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Thrasivoulou makes a bad situation so much better

Ben Cowles reviews The Best of a Bad Situation by Jamie Thrasivoulou

The Best of a Bad Situation by Jamie Thrasivoulou (Silhouette Press, £6)


THE BEST of a Bad Situation is a collection of vibrant, discontented and evocative poetry by Derby native Jamie Thrasivoulou.

A painter and decorator by trade, Thrasivoulou writes from, for and about his city’s forgotten, ignored, neglected and abused communities and his poems are laced with an undercurrent of rage against the injustices and systematic inequalities of Britain’s outdated class system.

Full of righteous indignation and defiance at literary snobs who look down their noses at the working class in their rough-cast houses as a blemish both on society and the literary landscape, That Pebbledash Finish is one of the collection’s standouts, while Anthem for the Racist White Trash is an impassioned demolition of the oft-heard and ridiculous argument that immigrants and refugees are only here to steal those jobs we dream of.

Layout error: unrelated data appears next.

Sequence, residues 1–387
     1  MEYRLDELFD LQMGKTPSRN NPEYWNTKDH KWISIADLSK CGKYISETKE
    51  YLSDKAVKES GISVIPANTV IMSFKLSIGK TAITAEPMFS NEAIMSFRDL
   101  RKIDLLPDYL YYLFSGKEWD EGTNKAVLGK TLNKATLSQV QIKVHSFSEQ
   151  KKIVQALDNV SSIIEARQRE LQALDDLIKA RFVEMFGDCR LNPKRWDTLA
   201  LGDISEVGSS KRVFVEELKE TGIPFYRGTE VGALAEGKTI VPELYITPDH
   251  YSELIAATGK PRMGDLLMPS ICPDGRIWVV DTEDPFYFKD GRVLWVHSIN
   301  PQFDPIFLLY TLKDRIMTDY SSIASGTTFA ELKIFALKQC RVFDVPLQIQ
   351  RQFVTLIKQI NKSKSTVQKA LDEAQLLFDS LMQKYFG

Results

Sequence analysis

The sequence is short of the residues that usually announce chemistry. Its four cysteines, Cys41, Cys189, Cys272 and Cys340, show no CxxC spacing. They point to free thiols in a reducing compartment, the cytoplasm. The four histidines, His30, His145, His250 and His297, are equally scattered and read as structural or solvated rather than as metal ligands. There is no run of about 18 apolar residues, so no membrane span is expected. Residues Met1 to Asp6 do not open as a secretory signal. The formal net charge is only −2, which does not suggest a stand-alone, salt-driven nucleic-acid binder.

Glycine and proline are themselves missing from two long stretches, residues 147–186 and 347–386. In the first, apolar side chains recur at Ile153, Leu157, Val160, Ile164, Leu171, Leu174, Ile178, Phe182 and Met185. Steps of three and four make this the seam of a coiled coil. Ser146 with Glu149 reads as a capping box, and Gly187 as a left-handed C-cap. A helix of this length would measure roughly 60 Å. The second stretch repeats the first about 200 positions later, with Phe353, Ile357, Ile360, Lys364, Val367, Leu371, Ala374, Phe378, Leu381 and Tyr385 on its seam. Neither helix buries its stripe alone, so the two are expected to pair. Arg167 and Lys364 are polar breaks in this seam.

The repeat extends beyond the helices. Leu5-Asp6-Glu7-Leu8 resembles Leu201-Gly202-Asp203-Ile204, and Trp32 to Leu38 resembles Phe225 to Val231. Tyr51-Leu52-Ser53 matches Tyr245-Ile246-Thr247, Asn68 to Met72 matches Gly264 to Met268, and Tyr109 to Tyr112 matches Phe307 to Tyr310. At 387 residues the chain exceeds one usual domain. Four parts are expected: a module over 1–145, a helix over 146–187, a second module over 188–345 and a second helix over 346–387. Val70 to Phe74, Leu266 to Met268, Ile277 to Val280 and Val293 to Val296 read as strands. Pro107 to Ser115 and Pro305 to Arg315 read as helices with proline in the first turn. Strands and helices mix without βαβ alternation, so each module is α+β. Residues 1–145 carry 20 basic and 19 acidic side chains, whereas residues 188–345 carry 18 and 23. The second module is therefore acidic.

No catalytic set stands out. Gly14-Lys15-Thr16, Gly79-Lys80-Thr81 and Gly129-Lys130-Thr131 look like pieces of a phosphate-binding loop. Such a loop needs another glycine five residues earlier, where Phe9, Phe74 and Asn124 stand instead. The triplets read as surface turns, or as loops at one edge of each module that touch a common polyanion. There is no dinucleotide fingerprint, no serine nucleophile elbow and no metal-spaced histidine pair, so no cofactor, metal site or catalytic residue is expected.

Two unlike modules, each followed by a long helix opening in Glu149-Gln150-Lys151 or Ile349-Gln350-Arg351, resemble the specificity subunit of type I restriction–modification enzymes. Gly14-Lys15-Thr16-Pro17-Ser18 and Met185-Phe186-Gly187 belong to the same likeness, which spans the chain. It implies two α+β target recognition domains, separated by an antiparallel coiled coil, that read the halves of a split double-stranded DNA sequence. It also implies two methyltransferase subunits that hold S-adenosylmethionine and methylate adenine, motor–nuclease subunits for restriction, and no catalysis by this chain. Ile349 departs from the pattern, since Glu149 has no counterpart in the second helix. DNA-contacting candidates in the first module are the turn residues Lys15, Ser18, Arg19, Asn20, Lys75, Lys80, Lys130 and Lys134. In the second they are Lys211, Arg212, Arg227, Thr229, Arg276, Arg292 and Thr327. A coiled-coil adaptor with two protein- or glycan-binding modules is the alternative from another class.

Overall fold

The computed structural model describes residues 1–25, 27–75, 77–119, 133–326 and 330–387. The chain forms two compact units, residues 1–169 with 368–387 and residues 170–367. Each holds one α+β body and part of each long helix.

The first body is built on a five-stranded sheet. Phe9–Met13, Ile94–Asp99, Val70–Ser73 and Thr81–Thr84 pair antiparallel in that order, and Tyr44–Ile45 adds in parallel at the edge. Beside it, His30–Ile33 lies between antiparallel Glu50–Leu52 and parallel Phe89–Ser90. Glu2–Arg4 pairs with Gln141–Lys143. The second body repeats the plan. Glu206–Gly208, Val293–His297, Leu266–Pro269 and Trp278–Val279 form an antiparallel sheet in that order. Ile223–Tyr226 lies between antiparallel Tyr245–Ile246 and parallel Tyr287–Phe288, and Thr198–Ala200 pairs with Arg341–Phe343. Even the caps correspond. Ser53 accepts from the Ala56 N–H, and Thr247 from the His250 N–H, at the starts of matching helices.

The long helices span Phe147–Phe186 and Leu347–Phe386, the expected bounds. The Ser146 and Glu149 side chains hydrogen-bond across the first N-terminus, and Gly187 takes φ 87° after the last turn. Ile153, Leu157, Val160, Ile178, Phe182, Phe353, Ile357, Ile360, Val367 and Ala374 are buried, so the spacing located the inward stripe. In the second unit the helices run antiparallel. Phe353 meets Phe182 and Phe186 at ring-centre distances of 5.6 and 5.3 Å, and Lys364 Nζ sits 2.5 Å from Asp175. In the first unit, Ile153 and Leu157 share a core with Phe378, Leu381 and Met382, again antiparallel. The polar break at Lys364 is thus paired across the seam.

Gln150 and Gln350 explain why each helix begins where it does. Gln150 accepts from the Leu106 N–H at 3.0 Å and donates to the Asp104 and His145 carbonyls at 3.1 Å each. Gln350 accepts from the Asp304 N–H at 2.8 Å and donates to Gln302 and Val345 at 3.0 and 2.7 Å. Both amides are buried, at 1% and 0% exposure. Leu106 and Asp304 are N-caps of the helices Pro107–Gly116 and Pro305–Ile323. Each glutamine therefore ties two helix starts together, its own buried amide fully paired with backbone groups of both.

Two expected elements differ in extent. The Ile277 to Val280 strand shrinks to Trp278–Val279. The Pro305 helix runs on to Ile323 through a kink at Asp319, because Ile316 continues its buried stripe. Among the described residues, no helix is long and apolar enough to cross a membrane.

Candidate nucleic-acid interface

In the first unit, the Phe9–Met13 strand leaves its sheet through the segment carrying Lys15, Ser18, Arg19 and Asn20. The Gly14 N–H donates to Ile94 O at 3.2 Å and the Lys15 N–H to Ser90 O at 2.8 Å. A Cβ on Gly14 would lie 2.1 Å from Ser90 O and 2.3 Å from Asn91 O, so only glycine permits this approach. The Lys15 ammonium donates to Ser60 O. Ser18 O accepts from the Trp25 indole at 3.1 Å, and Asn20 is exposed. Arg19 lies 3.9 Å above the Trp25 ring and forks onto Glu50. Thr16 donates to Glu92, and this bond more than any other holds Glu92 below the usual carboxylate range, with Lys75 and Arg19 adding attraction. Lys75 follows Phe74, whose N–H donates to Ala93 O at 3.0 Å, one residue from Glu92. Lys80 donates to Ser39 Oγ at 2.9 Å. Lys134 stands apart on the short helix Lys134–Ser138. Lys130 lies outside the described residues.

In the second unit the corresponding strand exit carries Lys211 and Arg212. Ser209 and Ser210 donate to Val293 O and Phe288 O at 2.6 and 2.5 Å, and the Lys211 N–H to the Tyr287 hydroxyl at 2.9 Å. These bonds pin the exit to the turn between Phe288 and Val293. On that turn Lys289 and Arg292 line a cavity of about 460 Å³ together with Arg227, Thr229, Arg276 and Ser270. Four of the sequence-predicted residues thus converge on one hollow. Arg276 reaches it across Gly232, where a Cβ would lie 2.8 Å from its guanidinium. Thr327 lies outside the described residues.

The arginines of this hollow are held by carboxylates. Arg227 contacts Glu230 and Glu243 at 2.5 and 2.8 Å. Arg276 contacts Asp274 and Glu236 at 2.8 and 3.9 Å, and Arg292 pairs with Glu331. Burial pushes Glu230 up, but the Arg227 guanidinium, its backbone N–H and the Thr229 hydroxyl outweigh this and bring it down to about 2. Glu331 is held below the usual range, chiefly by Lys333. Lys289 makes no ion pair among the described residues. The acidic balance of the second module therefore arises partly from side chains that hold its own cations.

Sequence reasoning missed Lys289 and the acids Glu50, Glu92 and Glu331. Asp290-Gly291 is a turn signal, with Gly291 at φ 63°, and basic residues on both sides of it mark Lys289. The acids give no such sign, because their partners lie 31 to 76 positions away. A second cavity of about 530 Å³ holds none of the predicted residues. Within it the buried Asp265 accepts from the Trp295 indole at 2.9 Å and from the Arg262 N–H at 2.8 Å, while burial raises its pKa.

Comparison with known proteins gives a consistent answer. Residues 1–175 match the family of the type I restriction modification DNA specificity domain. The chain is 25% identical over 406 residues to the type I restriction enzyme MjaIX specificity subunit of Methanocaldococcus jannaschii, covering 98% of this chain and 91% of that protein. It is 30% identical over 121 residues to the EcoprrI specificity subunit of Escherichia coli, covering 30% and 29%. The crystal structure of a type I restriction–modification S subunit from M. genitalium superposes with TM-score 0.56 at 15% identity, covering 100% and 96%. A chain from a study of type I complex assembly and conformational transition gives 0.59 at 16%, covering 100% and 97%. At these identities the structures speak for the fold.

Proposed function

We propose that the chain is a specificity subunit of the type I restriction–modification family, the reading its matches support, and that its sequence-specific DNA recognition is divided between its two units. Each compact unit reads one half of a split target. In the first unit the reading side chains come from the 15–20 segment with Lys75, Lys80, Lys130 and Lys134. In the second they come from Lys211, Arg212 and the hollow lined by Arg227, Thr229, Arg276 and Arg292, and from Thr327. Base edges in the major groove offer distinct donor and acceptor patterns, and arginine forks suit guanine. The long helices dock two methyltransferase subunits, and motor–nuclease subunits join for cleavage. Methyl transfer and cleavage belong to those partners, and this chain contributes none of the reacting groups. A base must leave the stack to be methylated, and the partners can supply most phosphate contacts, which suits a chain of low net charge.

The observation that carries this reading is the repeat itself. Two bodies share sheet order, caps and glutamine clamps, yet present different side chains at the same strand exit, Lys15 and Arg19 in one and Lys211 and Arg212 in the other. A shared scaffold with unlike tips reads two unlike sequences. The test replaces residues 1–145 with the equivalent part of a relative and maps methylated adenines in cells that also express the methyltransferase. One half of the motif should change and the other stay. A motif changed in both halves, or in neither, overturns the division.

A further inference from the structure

Dead Letters tells the tale of a trip to a vandalised postbox and a quick escape from a suspicious and hostile cop and its sequel, About that Post Box, appears later in the book and spins that tale on its head.

In Beneath a Banana Moon, Thrasivoulou brilliantly encapsulates the build of adrenaline as the narrator walks home on a dark night and passes a stranger who looks ready for a punch-up.

But, as with many of the intriguingly unpredictable works here, the poem flips and remorse takes over — the person seen as a threat is actually a victim of society.

There are lighter moments — Thrasivoulou wonders how seagulls like their fish cooked, what makes a true liar and being sidetracked by nature when hanging out the washing.

After years of neoliberalism and with the left and socialism once again reaching working-class people, we need voices like Thrasivoulou to not only make the best of a bad situation but also to envisage a better society.


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